The (Social) Network Is Your Company

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John Gage, the 21st employee of Sun Microsystems coined the now famous phrase:

“The Network is the Computer”

which became a prominent feature on the Sun Microsystems’ logo and motto. More than that it became part of their philosophy before the large scale adoption of the internet. They realised that the combined power of computers, interconnected, is the real computer – able to carry out more complex tasks than would otherwise be possible by the boxes we sit in front of today.



That same philosophy applies today in the world of social networking. People use Facebook, Pinterest, Instagram and other social media tools to extend their friendships beyond what would otherwise be possible.

If Sun Microsystems recognised this in the 1980s, and the late 2000?s saw the rise of social media as a phenomenon which validates and amplifies our own experiences, then why would this philosophy not also apply in business?

For example, the collective experience of people attending a rock concert and sharing their photos on a social media platform amplifies the experience for all who participate. I might get to see angles of the stage I couldn’t from where I was standing because someone else, at that angle shared their photos. I might get new insights to the dynamics of the band or catch a moment which couldn’t be seen from the distance I was from the stage.

What amplification of experience would your organisation experience by extending the natural personal networks of your employees? By making it much easier for employees to find and stay in contact with co-workers with similar issues, working on similar projects or just simply engaged in similar work you extend the reach of their experience to angles which had not previously been connected.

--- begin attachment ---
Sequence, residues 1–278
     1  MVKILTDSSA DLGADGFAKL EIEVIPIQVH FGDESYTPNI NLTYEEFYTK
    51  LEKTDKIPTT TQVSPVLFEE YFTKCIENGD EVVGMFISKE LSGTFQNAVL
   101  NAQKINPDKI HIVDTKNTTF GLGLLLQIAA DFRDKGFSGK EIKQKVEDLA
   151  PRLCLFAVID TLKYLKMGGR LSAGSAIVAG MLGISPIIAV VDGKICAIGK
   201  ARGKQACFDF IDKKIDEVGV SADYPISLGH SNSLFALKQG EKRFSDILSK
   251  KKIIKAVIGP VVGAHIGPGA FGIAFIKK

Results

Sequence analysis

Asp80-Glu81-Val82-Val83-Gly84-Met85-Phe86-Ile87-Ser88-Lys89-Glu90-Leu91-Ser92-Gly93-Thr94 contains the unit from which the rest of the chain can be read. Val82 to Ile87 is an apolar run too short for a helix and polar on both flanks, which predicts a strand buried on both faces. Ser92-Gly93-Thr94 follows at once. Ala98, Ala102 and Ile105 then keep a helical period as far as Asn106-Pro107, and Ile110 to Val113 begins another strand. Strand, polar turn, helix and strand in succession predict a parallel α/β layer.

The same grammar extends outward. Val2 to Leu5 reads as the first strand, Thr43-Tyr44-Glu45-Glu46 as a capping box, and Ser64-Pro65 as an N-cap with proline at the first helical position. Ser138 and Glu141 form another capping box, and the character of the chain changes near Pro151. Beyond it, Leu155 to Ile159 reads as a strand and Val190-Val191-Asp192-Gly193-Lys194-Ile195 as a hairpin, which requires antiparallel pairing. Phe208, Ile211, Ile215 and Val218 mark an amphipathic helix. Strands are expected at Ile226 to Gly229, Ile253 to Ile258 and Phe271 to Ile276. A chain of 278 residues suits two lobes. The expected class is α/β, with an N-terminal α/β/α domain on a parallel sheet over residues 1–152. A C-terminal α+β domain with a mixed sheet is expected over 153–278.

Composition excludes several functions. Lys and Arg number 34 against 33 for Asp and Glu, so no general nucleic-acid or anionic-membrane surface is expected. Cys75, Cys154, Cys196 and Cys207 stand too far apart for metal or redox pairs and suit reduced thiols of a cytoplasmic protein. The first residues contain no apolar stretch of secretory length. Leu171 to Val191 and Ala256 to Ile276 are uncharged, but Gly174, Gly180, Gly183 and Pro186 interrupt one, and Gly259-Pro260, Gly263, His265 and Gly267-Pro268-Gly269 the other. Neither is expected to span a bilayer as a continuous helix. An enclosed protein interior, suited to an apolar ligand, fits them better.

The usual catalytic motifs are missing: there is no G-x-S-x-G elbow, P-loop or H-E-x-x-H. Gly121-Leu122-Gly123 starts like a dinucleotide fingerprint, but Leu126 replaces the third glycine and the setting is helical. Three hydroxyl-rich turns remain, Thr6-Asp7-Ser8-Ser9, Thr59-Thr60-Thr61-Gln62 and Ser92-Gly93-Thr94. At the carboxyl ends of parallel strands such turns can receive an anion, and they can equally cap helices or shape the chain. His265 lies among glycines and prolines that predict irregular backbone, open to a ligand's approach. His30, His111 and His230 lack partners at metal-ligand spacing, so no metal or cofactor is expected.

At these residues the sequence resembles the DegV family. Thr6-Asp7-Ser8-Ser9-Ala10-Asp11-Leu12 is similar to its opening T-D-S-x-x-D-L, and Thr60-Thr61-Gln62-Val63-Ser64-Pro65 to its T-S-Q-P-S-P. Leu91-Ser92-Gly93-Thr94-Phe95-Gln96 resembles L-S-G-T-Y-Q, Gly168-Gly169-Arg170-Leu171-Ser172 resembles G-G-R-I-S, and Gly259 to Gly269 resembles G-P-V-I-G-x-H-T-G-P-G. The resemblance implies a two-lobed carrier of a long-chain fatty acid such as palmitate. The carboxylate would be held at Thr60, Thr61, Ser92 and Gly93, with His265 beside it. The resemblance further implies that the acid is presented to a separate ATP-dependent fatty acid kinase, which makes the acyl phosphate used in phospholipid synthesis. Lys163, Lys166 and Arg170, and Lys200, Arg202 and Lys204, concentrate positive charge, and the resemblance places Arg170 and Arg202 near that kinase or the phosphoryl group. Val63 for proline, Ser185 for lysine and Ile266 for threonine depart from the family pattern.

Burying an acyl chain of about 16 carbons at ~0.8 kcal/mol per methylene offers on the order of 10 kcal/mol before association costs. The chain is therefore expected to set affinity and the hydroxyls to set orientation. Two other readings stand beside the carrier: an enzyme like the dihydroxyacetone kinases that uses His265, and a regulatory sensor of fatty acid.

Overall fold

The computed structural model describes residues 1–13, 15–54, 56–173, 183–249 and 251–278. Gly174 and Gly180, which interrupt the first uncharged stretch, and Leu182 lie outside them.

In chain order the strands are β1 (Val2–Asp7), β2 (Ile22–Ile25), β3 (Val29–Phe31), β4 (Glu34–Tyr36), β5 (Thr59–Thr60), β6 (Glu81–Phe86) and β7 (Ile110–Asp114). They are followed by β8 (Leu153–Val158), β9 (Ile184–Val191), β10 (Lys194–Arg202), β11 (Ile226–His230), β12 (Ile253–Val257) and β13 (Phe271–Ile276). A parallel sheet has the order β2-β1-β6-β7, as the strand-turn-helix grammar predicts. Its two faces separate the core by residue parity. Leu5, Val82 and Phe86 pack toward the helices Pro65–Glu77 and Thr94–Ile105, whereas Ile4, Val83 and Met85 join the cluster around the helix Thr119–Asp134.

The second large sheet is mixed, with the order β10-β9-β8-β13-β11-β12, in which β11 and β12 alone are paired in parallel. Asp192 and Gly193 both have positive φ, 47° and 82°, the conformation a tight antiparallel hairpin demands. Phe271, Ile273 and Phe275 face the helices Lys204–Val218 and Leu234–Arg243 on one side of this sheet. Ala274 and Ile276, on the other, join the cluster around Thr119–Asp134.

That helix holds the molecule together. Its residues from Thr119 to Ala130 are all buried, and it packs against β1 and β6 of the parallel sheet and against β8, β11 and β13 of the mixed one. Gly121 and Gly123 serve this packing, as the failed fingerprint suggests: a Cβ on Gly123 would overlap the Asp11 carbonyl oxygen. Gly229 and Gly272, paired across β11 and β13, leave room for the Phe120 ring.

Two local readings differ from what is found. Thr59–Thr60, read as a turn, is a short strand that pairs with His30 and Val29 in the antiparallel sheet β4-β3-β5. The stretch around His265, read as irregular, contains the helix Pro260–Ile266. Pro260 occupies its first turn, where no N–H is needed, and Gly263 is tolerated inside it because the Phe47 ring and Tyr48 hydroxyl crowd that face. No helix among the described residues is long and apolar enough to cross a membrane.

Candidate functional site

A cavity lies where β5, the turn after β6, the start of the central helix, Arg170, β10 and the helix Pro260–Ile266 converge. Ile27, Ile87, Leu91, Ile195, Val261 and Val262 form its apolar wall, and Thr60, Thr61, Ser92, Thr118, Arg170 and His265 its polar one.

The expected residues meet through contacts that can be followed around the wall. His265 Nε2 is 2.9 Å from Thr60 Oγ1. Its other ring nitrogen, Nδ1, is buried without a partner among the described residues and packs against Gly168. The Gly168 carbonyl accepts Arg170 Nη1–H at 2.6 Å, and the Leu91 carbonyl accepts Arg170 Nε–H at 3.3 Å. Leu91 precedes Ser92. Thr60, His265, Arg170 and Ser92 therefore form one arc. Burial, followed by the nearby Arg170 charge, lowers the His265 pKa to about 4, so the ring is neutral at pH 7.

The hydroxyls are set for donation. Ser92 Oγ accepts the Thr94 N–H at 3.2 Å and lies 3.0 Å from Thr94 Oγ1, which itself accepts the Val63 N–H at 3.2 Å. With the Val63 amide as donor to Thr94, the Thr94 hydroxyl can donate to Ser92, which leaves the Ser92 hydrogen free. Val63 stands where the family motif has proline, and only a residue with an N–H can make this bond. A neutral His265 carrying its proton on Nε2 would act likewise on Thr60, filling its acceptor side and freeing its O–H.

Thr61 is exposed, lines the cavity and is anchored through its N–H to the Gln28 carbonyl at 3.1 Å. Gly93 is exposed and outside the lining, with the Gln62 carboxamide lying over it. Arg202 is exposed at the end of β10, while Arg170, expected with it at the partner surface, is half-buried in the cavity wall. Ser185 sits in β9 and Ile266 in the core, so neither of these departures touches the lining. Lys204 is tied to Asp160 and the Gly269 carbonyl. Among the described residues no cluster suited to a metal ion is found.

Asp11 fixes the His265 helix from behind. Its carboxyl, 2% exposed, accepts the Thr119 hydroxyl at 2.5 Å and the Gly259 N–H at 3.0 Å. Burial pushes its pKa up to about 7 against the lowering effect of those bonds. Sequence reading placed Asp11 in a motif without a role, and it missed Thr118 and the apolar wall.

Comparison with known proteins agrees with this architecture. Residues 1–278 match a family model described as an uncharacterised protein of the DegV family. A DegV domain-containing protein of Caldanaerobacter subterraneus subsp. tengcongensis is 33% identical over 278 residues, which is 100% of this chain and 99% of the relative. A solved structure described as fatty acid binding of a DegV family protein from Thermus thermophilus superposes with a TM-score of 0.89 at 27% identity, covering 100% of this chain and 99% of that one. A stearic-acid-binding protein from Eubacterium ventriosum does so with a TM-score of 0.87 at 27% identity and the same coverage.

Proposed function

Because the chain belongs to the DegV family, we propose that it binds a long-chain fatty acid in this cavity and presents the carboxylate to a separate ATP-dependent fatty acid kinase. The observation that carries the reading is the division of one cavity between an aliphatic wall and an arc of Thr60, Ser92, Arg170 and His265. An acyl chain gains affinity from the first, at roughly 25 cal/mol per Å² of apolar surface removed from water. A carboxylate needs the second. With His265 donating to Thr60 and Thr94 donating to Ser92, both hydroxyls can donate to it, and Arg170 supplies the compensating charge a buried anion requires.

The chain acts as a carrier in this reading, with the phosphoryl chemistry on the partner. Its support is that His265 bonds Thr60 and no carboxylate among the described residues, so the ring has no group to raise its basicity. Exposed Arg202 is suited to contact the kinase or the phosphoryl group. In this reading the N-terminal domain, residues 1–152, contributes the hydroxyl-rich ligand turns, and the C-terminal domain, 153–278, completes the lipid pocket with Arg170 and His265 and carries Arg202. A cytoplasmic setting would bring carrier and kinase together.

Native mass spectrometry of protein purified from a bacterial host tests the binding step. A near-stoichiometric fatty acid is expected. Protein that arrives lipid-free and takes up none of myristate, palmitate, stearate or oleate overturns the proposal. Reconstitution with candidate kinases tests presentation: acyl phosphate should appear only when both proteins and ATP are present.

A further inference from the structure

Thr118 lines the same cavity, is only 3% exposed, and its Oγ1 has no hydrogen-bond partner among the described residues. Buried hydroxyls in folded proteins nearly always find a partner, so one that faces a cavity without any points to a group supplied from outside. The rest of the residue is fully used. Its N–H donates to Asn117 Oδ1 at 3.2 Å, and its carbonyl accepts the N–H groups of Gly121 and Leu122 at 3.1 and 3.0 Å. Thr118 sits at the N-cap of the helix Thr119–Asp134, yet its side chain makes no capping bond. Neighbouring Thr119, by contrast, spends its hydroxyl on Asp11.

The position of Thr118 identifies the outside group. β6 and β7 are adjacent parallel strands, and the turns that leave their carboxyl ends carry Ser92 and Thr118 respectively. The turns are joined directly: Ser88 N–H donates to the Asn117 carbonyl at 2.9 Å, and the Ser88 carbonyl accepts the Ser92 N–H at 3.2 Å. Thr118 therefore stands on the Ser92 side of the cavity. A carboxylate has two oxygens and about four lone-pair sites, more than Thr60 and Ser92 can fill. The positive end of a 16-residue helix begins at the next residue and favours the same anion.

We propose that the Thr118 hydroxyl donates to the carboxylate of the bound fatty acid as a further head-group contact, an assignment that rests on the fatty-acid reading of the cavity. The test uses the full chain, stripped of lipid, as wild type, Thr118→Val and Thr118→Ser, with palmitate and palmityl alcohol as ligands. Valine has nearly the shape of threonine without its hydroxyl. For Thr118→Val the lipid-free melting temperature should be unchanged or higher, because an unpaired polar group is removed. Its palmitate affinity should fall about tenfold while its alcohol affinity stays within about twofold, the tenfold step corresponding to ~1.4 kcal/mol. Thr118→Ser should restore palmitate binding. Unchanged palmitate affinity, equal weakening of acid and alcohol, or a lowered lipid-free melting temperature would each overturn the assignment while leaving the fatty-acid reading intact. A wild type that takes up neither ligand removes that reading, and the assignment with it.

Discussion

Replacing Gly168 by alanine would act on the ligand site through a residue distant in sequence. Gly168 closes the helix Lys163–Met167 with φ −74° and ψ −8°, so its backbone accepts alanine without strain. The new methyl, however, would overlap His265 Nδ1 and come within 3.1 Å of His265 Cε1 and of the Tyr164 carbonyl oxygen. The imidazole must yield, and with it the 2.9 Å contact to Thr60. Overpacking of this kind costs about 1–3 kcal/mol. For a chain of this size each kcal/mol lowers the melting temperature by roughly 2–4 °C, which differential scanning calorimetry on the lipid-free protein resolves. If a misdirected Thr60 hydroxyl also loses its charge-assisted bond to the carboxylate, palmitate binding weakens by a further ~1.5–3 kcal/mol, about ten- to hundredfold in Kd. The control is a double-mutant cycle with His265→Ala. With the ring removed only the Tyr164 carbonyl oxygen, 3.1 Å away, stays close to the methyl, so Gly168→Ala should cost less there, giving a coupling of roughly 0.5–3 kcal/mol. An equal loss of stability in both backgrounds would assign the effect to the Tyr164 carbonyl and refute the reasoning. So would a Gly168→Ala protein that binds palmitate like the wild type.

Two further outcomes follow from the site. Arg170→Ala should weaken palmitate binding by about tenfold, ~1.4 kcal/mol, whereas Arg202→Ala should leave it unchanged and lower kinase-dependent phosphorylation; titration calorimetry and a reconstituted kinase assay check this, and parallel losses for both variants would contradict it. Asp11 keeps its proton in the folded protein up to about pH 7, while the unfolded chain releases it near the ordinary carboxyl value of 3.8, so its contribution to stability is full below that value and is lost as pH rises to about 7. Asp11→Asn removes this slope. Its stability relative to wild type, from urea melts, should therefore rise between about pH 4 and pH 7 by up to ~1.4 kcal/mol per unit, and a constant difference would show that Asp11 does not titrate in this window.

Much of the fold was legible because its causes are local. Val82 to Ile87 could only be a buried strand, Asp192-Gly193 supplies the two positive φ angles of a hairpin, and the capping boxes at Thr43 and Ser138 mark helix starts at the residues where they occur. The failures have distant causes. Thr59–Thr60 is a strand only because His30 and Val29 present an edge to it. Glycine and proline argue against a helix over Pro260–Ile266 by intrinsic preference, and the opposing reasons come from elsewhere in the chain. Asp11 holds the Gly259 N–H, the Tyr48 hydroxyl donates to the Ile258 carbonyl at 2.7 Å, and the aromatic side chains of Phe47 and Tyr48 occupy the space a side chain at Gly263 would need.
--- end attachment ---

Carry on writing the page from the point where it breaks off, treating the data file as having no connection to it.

But what virtue is there in sharing the photos? Well, the natural altruisim of individuals comes in to play and encourages everyone who is connected to contribute what they have for the collective good. That photographer would get to see my photos, and those of many others, encouraged to do so by him sharing his pictures.



Encouraging your employees to become interconnected in a business social network is one of the simplest ways of bringing down the barriers to communication in your organization. By connecting the people, the naturally begin to share information and exchange ideas to such an extent over time that the network itself takes on the characteristics of the company. The collective intelligence of the organization is held in the social network and because it is shared it is not dependent on any single node (or individual) any more.

Your staff’s collective knowledge and experience becomes shared and networked amongst everyone else. There’s no single point of failure any more. There becomes a culture of sharing what you know because others do it and people find value in what others choose to share. As I have blogged before here, your value in the social network is not what you know, but what you share.

Consider, therefore, how important building a social network in your organization actually is. This is more than an intranet, a shared server, public folders or just a discussion forum for people to gossip. This is a way of engaging people’s deep-seated desire to be recognized, to be satisfied and to co-operate. To create satisfaction, Herzberg says you need to address the motivating factors associated with work. He called this “job enrichment”. His premise was that every job should be examined to determine how it could be made better and more satisfying to the person doing the work. Things to consider include:

  • Providing opportunities for achievement.
  • Recognizing workers’ contributions.
  • Creating work that is rewarding and that matches the skills and abilities of the worker.
  • Giving as much responsibility to each team member as possible.
  • Providing opportunities to advance in the company through internal promotions.
  • Offering training and development opportunities, so that people can pursue the positions they want within the company.


It’s less about technology and more about actually finding a way of working which genuinely makes your organization more motivated and much smarter. A social business network, such as IBM Connections, can let you do that.

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